Staying Afloat in Affordable Housing Production: An Initial Examination and Framework of Cost Savings for Mercy Housing Southeast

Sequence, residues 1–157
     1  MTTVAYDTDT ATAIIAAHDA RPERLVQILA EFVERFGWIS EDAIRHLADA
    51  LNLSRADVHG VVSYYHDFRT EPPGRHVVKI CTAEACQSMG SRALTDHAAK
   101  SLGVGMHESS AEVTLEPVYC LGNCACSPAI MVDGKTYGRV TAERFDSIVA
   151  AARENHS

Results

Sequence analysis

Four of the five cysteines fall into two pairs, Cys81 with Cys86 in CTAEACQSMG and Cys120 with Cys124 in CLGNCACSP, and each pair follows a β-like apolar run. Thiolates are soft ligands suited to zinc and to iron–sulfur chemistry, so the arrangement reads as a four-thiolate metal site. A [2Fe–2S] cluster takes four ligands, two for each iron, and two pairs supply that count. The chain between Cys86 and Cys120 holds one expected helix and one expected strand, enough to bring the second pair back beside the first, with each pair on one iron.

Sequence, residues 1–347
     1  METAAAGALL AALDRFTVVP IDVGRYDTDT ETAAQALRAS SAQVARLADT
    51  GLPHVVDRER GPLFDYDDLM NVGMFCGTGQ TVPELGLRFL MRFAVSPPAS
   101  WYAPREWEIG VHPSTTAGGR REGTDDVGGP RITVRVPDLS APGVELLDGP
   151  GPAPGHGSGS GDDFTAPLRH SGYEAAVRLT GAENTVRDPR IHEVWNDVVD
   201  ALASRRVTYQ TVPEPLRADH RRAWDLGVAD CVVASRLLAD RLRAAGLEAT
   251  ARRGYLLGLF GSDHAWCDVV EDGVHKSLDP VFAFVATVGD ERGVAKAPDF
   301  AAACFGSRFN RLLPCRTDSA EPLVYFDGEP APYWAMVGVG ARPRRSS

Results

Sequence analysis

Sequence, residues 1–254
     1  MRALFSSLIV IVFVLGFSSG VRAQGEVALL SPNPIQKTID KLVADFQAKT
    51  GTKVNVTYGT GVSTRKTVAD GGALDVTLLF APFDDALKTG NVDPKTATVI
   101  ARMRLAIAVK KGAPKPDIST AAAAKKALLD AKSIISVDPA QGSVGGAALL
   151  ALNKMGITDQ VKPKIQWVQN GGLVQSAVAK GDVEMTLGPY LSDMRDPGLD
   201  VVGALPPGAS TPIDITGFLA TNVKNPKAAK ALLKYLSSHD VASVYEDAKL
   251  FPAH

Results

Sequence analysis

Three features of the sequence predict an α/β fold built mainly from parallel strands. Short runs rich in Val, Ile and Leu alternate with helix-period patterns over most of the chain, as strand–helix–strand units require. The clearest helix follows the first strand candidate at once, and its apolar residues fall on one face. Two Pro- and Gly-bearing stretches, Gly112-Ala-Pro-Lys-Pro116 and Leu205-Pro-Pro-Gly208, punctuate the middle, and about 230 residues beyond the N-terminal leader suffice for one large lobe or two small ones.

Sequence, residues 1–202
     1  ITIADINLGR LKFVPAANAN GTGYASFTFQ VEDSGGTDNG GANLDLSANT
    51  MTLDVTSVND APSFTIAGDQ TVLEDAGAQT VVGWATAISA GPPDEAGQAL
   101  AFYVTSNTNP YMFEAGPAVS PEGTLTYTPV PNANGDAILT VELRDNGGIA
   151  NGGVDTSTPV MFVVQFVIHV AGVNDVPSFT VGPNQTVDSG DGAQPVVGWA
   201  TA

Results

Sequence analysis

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As income disparities continue to increase nationally, finding and constructing housing that is affordable and provides a stable environment to those in the lowest-income brackets has become extremely difficult across the nation. Financing residential projects that are affordable to families earning less than 60% of the area median income (AMI) involves creative layers of financing as construction costs are seen as fixed whether the units are priced at or below fair market rent. In this paper, I will focus on affordable housing in terms of residential developments with a portion of their units serving households that earn less than 60% AMI but there are many types, methods and definitions of affordable housing. Due to my familiarity with the federal and state programs of the Low-Income Housing Tax Credit (LIHTC) through my internship with a nonprofit affordable housing developer, this paper will center on LIHTC’s efforts (one moving pie ce in the puzzle) to combat affordability. As the LIHTC program is complicated, this paper aims to provide the framework for a development and construction manual to be used by affordable housing developers like Mercy Housing Southeast. For this paper, Mercy’s recent projects in Georgia will serve as case studies and provide insight into cost savings at different stages of the development and construction process. This manual can serve as institutional memory and re-evaluation for Mercy Housing Southeast in addition to providing guidelines for cost-effective projects. In this way, affordable housing developers can be better prepared and resilient when unexpected costs are incurred on a tight budget with a variety of funding sources.